Tens of thousands watched a historic comeback win for Oracle Team USA on the San Francisco waterfront during the final race in the America's Cup Finals on Wednesday.
Oracle triumphed over challenger Emirates Team New Zealand, defending the U.S. title.
When the 19th race of the finals began at 1:15 p.m. Wednesday, Oracle and New Zealand were tied 8-8.
Oracle had trailed by a margin of 8-1 last week, but its surprise winning streak of eight consecutive wins had tied up the regatta and forced Wednesday's winner-take-all face-off. Both teams needed nine points to win the cup.
The Oracle team started the finals with a two-point deficit after being penalized for illegal boat modifications during earlier exhibition races, making the comeback all the more stunning.
At the award ceremony at America's Cup Park at Piers 27/29 after the Oracle victory, former mayor and current Lt. Gov. Gavin Newsom congratulated the two teams and praised the city for hosting the regatta.
"This is the most fan-friendly America's Cup in history," Newsom said.
He thanked the massive crowd, estimated to have reached 25,000 at the waterfront venue, for "being part of history."
Mayor Ed Lee, wearing a blue Oracle Team USA hat, cheered for the triumphant team.
"This is what sports is all about," he said, adding he was proud of the competitors on both teams.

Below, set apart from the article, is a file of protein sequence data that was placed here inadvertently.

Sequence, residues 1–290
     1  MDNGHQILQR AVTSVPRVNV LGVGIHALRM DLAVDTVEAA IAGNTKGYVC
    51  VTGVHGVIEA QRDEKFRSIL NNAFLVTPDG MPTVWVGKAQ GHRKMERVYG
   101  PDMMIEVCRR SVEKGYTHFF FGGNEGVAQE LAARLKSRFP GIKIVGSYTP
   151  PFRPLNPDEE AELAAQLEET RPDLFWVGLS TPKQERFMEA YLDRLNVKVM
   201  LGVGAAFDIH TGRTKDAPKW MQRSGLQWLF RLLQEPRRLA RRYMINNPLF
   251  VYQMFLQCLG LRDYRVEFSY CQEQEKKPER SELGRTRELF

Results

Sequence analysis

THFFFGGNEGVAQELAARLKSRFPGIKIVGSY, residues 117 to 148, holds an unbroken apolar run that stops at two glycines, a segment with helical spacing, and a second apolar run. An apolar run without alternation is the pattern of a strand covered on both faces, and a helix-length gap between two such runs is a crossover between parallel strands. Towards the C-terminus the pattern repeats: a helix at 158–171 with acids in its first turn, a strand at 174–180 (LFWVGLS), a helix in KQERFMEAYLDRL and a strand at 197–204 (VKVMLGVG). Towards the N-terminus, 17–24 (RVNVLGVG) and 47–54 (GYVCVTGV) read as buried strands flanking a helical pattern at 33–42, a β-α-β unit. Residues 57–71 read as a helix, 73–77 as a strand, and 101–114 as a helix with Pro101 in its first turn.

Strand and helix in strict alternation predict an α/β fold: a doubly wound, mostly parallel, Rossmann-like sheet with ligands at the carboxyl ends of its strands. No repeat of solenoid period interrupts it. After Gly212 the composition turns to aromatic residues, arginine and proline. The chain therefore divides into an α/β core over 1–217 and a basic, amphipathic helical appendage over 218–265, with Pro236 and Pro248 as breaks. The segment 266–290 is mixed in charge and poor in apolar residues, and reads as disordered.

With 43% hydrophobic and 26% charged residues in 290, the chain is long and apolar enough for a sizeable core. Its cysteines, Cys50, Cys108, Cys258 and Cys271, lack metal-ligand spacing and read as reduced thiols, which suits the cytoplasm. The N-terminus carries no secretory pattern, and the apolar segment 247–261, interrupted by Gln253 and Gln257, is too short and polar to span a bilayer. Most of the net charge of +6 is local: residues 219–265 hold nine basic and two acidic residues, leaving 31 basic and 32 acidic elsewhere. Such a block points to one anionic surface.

New Zealand skipper Dean Barker told the crowd he was disappointed but said Oracle was a tough competitor that brought an "unbelievable finale."
He recognized his fans, whom he called "our most loyal group of supporters here in San Francisco and around the world."
The coveted silver Cup was then presented to the Oracle crew, with the crowd chanting "USA!"
The team's skipper, Jimmy Spithill, said his crew worked hard for the so-called improbable outcome and that the fans' support carried them to the finish line.
"We dug out of a big hole," he said. "This is a team that never gives up."
The finals lasted longer than anticipated because of Oracle's comeback and mercurial wind conditions on the water, which resulted in some races being postponed.
There have been only two other neck-and-neck races such this one in the 162-year history of the America's Cup, in 1920 and 1983, according to race officials.
With the Americans defending the Cup, the next race in 2016 will stay in the U.S.
Festivities continued Wednesday night with a Lumineers concert at the America's Cup Pavilion at Piers 27/29.
The America's Cup concert series will continue with the Avett Brothers performing on Oct. 12.